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Location: Baltimore-DC Area

Author who writes for a living and lives for writing. // WOMB: a novel in utero (Merge Publishing 2017) // TRACKS: A Novel in Stories (Atticus Books 2011) // FLIGHTLESS GOOSE, a storybook for children (Writers Lair Books 2008) // www.EricDGoodman.com

Thursday, March 11, 2010

Write to Express, Not Impress


One mistake often made by beginning novelists is to add a bit too much flair to the writing. Writers often become intoxicated with their skills, their ability to make music with words, to make magic out of sentences. They riff and conjure magnificent metaphors and before they know it, they’ve been carried away from the story.

And as Alice McDermott likes to say, “beginner” includes everyone. “You’re a beginning novelist every time you start a new novel. You’re discovering it every time over again.


Regardless of your experience and ability, you have to keep your skills in check. The long-distance runner won’t win the race by showing off with quick sprints. The writer must master the craft instead of getting drunk off it.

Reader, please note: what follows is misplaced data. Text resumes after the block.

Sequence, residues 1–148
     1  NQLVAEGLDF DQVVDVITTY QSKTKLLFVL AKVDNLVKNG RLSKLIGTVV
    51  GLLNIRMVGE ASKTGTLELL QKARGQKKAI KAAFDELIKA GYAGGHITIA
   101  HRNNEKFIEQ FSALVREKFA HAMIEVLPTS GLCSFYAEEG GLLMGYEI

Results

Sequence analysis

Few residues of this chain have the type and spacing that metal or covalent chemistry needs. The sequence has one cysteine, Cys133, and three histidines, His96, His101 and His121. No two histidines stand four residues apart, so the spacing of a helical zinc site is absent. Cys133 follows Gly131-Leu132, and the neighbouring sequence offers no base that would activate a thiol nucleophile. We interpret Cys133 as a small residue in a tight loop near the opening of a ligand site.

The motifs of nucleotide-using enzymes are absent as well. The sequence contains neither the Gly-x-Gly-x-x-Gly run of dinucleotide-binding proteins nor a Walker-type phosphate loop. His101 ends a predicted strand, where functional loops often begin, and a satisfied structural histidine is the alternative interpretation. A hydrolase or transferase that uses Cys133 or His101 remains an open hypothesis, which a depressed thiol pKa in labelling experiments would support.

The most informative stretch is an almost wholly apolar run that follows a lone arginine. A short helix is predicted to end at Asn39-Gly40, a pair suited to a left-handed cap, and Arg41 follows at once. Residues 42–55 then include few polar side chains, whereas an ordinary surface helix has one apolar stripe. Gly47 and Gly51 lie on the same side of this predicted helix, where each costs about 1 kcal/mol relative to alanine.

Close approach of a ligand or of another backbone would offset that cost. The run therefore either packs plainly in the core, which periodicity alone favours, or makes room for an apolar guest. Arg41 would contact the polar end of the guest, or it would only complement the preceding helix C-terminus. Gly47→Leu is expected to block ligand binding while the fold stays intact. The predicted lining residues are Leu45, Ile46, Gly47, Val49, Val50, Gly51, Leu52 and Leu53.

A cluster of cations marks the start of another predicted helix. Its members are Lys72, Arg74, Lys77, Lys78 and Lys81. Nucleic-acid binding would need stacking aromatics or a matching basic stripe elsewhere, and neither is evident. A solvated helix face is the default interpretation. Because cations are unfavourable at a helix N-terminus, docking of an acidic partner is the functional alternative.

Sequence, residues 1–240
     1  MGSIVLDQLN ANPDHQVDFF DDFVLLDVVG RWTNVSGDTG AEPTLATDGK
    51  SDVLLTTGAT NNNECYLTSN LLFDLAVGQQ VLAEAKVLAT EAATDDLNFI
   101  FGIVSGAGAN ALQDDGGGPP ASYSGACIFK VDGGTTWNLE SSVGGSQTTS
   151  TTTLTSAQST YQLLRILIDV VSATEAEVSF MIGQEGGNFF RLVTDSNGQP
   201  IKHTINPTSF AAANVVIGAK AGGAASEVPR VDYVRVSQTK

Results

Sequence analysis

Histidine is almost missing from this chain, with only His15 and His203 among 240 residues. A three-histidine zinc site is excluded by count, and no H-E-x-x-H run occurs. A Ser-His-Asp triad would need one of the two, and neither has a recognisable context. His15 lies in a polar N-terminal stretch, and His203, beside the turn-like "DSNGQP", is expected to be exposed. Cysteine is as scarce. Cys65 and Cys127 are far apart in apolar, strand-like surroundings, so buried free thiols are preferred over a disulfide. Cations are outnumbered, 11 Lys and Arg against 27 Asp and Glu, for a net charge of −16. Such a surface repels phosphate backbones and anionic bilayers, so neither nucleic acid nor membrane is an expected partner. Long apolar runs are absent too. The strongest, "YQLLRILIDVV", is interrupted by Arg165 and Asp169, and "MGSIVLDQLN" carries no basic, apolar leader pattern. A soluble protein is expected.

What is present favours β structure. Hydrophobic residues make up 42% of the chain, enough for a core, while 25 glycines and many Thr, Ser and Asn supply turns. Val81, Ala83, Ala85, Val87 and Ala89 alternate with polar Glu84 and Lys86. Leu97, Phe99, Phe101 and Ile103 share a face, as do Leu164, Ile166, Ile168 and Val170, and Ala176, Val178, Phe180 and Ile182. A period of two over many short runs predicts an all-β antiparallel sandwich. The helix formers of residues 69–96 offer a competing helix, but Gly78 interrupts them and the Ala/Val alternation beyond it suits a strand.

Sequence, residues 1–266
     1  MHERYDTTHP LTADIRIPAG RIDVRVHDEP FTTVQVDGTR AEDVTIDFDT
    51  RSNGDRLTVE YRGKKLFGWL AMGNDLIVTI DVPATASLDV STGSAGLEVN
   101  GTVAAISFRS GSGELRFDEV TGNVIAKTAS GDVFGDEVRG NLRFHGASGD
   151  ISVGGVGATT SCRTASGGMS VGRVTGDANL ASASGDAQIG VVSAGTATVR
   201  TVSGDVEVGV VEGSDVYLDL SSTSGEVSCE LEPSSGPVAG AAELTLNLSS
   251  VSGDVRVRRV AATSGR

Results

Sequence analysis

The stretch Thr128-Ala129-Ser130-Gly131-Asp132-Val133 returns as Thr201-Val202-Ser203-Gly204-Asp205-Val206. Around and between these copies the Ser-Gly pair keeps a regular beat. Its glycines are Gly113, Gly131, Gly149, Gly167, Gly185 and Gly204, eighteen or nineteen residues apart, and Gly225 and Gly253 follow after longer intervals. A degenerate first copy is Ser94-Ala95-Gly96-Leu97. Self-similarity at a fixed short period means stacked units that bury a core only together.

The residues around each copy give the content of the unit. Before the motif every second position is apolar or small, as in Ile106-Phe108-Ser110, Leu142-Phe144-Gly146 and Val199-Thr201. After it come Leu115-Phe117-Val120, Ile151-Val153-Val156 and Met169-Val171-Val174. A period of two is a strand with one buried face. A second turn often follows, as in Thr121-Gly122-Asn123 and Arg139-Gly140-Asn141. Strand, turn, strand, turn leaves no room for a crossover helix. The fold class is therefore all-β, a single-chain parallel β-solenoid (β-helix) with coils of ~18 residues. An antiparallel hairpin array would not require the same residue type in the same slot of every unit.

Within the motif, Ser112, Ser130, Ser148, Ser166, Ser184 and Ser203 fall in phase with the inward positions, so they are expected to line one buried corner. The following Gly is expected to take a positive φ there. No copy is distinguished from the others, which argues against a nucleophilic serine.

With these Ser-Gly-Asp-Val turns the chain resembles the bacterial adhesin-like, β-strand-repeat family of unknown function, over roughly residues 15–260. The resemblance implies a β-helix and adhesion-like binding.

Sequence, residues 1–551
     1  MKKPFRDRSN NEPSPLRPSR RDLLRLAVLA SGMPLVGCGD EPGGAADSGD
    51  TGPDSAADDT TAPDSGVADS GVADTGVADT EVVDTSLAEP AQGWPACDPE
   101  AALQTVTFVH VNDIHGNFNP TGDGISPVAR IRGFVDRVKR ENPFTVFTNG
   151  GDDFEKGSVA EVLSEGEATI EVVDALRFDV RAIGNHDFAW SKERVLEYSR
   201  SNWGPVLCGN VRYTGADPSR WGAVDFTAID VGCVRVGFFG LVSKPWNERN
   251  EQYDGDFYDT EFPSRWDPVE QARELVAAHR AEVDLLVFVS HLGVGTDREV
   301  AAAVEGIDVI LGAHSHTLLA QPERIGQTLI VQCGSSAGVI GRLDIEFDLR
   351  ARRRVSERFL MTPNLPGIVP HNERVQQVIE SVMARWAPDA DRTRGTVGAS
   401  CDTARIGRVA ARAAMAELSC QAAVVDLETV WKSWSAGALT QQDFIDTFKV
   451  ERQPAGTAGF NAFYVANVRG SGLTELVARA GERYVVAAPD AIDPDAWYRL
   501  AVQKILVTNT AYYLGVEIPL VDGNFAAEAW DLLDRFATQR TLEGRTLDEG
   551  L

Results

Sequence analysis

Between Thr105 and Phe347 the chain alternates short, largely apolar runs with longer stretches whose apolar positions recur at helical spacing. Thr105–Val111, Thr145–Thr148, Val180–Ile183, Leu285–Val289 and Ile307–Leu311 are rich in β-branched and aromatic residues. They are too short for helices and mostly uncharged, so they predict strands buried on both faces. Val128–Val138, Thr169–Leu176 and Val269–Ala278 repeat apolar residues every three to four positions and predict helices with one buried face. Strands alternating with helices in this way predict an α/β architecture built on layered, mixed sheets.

"Write to express, not impress,” Alice says. “Tell a story, don’t show off literary flair.”


If you tell the story well, the flair will be there.


Learn more about Alice McDermott at her Wiki site.

http://en.wikipedia.org/wiki/Alice_McDermott

1 Comments:

Anonymous Mohamed Mughal said...

I recently read a review of Orwell's "Animal Farm." The review made the point that the short novel was written in simple prose. It is. And so it follows Eric's axiom to express rather than impress and to not let literary flair obstruct story. But remember, as in the case with "Animal Farm," simple prose can portray and convey complex and meaningful themes as well.
When you write to express rather than impress, you won't have to surrender depth of theme. Orwell didn't.

March 16, 2010  

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